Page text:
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IN 50 YEARS as a player and a coach in the NFL, Pittsburgh Steelers defensive coordinator Dick LeBeau has conditioned himself to expect the unexpected. So after the 2006 season, when Bill Cowher retired as coach and Mike Tomlin was brought in from Minnesota as his replacement, LeBeau wasn't taking his job for granted despite a stellar reputation and the fine performance of his unit that season: No. 9 in the league in overall defense and No. 7 in fewest points allowed. � Most new coaches coming from outside want to put together their own staff, and Tomlin was a defensive backs coach tutored in the Buccaneers' Cover Two system—a scheme light years from LeBeau's heralded zone blitz. But there was no need for LeBeau to be worried about job security.
"I never gave any thought to changing," Tomlin said last Saturday night, on the eve of the Steelers' AFC North showdown with the Ravens in Baltimore. "The reason is this: I wasn't interested in taking steps backward in an effort to move forward. To make any changes would have been to do that. We're a 3--4 team, we have 3--4 personnel—arguably some of the best in the world at what they do in that scheme. It wouldn't have been prudent to go about changing that."
Less than 24 hours later at hostile M&T Bank Stadium, Tomlin's reasoning was borne out when LeBeau's top-ranked defense limited the Ravens to season lows in total yards (202), passing yards (90) and first downs (12) en route to a grinding 13--9 victory. The win gave Tomlin his second straight division title and Pittsburgh a first-round bye in the playoffs. If they win their final two games, at Tennessee and at home against Cleveland, the Steelers will have home field advantage throughout the AFC playoffs.
Sunday's battle provided everything one would expect from the NFL's top-ranked defenses, with offensive advances seemingly measured in inches rather than yards. Baltimore, which had averaged 30 points in its previous eight games, worked its way inside the Pittsburgh 10-yard line three times yet never reached the end zone. The Steelers had only three drives inside their opponent's 12, finally scoring the game's only touchdown with 43 seconds to play. Even then, it took the replay official to determine that the ball had crossed the plane of the goal line on wideout Santonio Holmes's catch of Ben Roethlisberger's four-yard pass. The last-minute uncertainty didn't detract from the momentous Pittsburgh victory, its first in Baltimore since 2002.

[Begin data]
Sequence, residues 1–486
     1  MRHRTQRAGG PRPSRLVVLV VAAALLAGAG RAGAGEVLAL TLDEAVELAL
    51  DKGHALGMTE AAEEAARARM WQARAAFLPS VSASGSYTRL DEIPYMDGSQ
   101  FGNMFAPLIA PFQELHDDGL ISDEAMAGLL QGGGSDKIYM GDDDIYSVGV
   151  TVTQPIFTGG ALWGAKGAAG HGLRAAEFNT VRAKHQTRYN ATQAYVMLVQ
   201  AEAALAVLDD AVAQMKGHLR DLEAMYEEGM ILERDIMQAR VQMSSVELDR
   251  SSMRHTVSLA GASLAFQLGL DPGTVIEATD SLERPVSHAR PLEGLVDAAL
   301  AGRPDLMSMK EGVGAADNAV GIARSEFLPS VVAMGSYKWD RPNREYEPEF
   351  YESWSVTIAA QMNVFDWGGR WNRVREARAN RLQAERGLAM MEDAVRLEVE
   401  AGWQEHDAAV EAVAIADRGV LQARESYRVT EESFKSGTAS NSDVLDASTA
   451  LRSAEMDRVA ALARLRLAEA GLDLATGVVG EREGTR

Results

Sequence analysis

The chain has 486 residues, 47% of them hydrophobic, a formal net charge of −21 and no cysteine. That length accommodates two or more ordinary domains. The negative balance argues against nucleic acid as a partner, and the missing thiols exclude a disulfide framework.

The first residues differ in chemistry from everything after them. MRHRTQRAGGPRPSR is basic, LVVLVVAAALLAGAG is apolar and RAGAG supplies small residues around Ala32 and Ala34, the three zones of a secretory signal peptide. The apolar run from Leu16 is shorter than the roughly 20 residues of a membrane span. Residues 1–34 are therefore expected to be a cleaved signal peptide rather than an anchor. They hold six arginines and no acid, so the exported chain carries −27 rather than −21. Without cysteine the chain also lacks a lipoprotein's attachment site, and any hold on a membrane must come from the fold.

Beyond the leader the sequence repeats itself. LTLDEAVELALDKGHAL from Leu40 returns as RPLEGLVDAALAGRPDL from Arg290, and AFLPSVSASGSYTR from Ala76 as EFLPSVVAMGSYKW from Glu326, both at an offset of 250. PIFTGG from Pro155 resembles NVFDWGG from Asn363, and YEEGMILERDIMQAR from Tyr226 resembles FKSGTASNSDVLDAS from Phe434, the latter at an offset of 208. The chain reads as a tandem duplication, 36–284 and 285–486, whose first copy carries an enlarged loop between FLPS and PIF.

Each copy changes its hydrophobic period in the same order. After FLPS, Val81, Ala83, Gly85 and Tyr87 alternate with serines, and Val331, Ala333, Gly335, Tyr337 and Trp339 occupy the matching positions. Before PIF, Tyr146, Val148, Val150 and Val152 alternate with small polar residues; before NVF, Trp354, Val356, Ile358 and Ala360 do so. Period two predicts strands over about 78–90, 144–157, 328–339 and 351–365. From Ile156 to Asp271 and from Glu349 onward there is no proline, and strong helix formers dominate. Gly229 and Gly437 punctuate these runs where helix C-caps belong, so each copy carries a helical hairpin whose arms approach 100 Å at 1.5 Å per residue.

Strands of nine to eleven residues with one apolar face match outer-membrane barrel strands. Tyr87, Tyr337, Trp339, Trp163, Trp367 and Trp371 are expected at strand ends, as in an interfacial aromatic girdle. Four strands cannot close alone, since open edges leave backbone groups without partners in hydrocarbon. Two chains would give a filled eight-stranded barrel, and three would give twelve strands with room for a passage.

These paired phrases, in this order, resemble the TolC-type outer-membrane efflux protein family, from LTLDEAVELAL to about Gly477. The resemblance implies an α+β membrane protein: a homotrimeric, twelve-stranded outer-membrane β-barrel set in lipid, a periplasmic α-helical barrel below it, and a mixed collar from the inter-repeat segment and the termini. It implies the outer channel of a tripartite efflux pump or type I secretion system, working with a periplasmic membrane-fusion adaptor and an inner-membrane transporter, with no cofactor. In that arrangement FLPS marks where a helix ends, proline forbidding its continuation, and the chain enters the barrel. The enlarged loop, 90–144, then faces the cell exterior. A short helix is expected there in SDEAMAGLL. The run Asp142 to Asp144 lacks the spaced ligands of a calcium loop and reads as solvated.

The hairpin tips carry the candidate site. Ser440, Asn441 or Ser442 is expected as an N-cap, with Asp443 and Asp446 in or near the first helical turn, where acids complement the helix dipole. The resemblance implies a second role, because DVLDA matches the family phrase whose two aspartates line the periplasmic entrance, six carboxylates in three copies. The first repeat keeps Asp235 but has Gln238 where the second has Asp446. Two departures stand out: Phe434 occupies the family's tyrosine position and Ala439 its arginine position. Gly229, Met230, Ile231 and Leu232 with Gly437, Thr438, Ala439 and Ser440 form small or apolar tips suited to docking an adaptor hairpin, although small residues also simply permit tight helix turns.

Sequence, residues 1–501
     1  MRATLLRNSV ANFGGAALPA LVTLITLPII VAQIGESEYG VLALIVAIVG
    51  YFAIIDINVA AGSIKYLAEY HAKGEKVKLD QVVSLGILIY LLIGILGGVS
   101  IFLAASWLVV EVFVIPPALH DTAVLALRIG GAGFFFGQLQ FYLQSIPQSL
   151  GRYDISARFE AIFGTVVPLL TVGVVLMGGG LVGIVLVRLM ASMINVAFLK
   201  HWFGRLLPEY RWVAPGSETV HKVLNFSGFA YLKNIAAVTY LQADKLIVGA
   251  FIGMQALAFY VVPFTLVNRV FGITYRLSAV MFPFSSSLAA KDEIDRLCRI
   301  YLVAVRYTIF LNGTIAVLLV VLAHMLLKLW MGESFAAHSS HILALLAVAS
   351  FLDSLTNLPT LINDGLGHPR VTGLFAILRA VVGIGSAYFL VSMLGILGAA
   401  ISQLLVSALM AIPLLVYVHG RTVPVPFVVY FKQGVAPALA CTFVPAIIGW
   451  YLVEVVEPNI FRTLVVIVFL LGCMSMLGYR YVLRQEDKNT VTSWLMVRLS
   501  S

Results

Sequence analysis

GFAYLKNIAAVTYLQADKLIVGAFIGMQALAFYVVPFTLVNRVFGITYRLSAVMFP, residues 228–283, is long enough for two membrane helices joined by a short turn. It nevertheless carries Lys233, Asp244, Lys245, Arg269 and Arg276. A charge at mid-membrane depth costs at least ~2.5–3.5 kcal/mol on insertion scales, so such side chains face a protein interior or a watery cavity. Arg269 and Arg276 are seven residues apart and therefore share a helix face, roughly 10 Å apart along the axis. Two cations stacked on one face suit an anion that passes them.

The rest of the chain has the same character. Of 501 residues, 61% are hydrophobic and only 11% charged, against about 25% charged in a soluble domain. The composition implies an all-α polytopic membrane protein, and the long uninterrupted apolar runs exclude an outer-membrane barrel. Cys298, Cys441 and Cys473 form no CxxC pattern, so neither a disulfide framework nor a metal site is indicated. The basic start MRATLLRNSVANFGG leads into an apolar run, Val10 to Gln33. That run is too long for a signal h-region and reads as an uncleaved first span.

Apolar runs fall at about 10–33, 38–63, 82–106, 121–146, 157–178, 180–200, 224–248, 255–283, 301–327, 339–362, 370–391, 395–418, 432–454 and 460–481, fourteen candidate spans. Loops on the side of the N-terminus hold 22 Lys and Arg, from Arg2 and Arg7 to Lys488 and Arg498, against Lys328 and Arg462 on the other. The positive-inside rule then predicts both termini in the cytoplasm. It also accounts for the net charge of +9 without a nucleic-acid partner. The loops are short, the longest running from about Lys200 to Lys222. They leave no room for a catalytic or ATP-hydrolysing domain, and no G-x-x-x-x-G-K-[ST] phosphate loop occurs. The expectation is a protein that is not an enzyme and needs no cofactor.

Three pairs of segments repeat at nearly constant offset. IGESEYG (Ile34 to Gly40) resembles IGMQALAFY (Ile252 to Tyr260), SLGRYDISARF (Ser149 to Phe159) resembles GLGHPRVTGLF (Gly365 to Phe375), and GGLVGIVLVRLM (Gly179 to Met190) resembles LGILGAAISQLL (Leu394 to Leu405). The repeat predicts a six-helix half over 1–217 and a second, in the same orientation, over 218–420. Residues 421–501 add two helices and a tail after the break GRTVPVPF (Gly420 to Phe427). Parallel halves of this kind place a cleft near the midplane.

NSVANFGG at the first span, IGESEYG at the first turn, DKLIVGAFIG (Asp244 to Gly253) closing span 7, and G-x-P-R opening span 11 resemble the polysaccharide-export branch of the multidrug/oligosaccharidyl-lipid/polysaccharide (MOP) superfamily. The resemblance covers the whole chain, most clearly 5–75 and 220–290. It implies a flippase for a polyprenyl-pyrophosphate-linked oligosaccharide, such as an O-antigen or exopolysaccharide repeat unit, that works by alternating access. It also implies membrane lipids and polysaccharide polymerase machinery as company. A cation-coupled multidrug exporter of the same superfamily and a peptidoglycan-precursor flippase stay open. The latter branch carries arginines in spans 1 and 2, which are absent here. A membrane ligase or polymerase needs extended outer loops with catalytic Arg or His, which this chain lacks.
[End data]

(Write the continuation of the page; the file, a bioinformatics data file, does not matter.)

As the Steelers walked to the locker room afterward, one member of the defense barked, "Fourteen games in a row! Fourteen games in row! There shouldn't be no debate now!" What he meant was, the 11--3 Steelers, who entered the game with the league's No. 1 defense, have held their opponents to less than 300 yards of total offense in every game this season, tying the postmerger record set by the Los Angeles Rams in 1973; and any talk that the Ravens' No. 2--ranked defense is the better unit should cease.
THE DEBATE was valid, and it's sure to resume if Baltimore secures a wild-card berth and the clubs meet again in the playoffs. As for the rest of the NFL, only Tampa Bay can argue that its defense belongs in the same discussion with Pittsburgh's and Baltimore's. Since 2000 the Steelers have never finished out of the league's top 10 in total defense, and the Ravens, like the Bucs, have done so only once (box, page 42).
Despite the hostile nature of the rivalry, there is a mutual respect between the two units, and they are more alike than players on either side care to admit. Both defenses play aggressively and pressure the quarterback; both use a base 3--4 scheme; both are built strong up the middle, from nosetackle through the inside linebackers to the safeties; and both attribute their sustained success to quality scouting, coaching and personnel. "When you get those things, you build continuity and tradition," says the Indianapolis Colts' Tony Dungy, who as the Tampa Bay coach in 2001 hired Tomlin as an assistant. "They have similar systems, and they know how to draft for it. [ Pittsburgh] scouts say, 'O.K., [linebackers] LaMarr Woodley and James Harrison might not fit for everyone else, but for us they do.'"
The Steelers, of course, have built great defenses dating to the Steel Curtain that marked their Super Bowl teams of the 1970s, a unit stocked with such Hall of Famers as defensive tackle Joe Greene, linebackers Jack Ham and Jack Lambert and cornerback Mel Blount. Those squads played a 4--3 defense, but LeBeau is all about the 3--4 zone blitz (box, page 38)—which is not to be confused with the fluid 3--4 that his counterpart Rex Ryan uses in Baltimore.
Ryan prefers to attack from every direction and out of multiple formations. At times on Sunday he had eight players within three yards of the line of scrimmage; at others he had only four. Sometimes the Ravens overload one side of the formation with four or five players, leaving what looks to be a gaping hole on the other side, but someone will slide or sprint into the opening at the snap.
The Steelers, in contrast, are more straightforward and generate their pass rush primarily from the three down linemen and two outside linebackers ( Harrison, 15 sacks; Woodley, 11 1/2). But when the time is right LeBeau will throw a changeup, as he did on Sunday. With 4:28 to play, the Ravens were at the Pittsburgh 27, facing third-and-eight but in position for a field goal that would put them up 12--6. Figuring the Baltimore blockers would focus on Harrison and Woodley, LeBeau had reserve inside linebacker Lawrence Timmons rush from the outside. Timmons's sack and strip of quarterback Joe Flacco knocked the Ravens back 14 yards and out of field goal range.